January 6, 2016
The moment you realize you need to borrow money for your tech startup may not be the moment your business is ready to borrow. Before you approach any lender for a business loan, you need to ask yourself these 8 questions about your business and its needs to make sure you have a clear plan of action and ensure a smooth process.
Who will you borrow from? Where will you get the money?
Lending options basically include:
- Government-backed Small Business Administration (SBA) loan
- Bank or other financial institution loan
- Merchant services provider cash advance
- Alternative lender loan
You’ll need to do some research on each type to find out which best suits your needs. There are many resources online that allow you to compare and contrast lenders, which can simplify your search and help you get the clarity you need before approaching a lender.
What do you need the money for?
Be prepared to answer this for yourself, and especially for the lender. Don’t just list reasons you need the money. Think about (and write down) your detailed 30-,60-, and 90-day plan of action for spending the money and using it to grow your business. Get detailed! It will only help your chances of receiving the loan.
When do you need the money?
Is this an immediate need, or something you’re planning long term that can be put on hold until you receive the funds? Make sure you know when you’ll need the money and communicate this clearly with your lender. When it comes to borrowing money, surprises are never a good thing.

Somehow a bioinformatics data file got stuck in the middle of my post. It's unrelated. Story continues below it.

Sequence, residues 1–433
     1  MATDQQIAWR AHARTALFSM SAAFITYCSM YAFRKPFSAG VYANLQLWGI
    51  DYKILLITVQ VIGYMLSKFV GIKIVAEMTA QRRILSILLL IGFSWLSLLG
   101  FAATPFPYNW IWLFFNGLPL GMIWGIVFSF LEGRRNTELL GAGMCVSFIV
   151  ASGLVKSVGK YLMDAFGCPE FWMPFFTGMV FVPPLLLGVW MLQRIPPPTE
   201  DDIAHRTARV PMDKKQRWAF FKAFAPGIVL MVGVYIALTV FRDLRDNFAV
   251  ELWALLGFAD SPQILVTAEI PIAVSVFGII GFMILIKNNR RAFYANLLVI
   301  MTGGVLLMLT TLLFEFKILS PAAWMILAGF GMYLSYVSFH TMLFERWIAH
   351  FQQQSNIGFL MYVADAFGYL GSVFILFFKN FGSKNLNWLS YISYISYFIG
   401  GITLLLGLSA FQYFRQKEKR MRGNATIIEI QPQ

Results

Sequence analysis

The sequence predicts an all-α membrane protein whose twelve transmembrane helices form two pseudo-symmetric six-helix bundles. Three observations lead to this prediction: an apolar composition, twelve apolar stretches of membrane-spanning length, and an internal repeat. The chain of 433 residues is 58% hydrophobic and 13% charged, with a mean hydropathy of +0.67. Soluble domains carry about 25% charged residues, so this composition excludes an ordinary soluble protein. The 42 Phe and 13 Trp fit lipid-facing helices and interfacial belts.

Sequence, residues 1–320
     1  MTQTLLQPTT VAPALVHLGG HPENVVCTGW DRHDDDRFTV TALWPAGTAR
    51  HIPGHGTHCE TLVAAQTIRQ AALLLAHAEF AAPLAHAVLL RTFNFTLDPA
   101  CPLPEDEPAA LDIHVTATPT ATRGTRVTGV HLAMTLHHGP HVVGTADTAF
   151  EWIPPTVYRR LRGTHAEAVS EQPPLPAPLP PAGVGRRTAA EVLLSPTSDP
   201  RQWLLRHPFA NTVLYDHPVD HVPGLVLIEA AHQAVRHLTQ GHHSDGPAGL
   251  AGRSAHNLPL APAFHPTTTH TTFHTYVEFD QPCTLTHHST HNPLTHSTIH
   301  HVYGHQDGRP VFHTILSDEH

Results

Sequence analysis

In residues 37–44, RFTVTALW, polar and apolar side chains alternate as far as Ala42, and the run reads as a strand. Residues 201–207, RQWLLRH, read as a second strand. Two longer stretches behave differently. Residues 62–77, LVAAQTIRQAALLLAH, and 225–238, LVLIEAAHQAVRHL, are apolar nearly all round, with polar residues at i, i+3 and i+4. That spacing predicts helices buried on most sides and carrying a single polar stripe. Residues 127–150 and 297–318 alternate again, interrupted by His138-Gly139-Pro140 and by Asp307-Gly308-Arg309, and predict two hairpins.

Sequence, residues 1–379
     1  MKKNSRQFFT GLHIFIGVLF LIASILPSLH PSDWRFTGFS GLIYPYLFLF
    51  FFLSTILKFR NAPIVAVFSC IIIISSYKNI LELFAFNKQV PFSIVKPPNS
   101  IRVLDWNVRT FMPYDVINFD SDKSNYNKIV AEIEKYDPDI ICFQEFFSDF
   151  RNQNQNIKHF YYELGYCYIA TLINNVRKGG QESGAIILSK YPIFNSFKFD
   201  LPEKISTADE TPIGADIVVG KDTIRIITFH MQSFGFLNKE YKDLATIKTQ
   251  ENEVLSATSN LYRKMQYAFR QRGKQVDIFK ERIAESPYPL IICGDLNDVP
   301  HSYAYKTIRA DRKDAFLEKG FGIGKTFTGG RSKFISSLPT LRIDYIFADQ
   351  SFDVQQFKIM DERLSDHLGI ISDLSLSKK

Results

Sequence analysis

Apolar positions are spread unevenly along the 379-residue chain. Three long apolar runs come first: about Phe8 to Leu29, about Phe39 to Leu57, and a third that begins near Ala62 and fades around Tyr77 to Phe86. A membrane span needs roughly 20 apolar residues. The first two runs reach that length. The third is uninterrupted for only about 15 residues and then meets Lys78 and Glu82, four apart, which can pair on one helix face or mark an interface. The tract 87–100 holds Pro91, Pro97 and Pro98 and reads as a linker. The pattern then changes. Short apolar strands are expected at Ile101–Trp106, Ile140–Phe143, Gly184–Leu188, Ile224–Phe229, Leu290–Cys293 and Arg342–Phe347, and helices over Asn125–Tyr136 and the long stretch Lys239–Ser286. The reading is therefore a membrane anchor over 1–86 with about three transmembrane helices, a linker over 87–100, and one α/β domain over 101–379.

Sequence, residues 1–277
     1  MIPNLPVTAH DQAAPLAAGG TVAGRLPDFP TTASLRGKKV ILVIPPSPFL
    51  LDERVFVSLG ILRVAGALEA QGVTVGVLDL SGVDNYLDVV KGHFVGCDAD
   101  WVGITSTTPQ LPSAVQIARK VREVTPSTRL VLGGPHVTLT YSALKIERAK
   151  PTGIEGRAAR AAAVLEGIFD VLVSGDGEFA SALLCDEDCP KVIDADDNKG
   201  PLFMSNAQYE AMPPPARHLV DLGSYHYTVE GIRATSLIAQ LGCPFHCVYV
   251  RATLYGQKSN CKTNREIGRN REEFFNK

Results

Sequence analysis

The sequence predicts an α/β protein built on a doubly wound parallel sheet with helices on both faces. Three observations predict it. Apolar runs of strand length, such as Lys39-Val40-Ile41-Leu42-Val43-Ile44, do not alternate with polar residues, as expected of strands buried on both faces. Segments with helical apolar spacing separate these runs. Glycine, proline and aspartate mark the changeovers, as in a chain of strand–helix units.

When can you pay it back?
When can you pay the lender what you owe–and can you pay it back at all? What will your monthly payments be, and for how long? Keep the interest in mind when you consider this question, and be honest with yourself. You don’t want to take out a loan that you will end up defaulting on!
How much money do you need?
Based on the detailed plan you should have come up with for your business to use the money it borrows, how much money will you need? Don’t ask for more than you need. It lessens your chance of being approved, and it increases the burden of repayment once that time comes. Be conservative but realistic in your calculations and estimations. Highlight the uses of your product and talk about the way it will innovate the industry.
How long have you been in business?
This question could also be phrased as, “How sure are we that your business will last?” Has your business been around for 6 weeks? 6 months? 6 days? Your answer will be important in a lender’s decision to loan your business money, but being a new business doesn’t necessarily dash your chances. If you bring the right idea and a competitive edge, you’ll get the money you ask for.
What is the current financial shape of your business?
Once again, being honest with yourself is crucial here. The question is not “Will your business eventually be successful?” How are you doing financially right now? Is your financial situation relatively stable or completely chaotic? This is not a time to list your projections alone. Talk about what you’re currently dealing with.
What can you put up as collateral for the loan?
Do you have assets that are worth enough money to act as collateral should you default on your loan? You’ll need to consider how you’ll manage to put up collateral for your business loan, even though it’s an unpleasant thought. This exercise can help drive home the seriousness of the situation for many entrepreneurs. What are you willing to gamble your new business on?
Once you’ve asked yourself these questions, you’ll have a better idea of what type of loan you’re best suited for. Doing plenty of preparation beforehand will ensure you’re not caught off guard when you speak to a lender about borrowing money to grow your startup.
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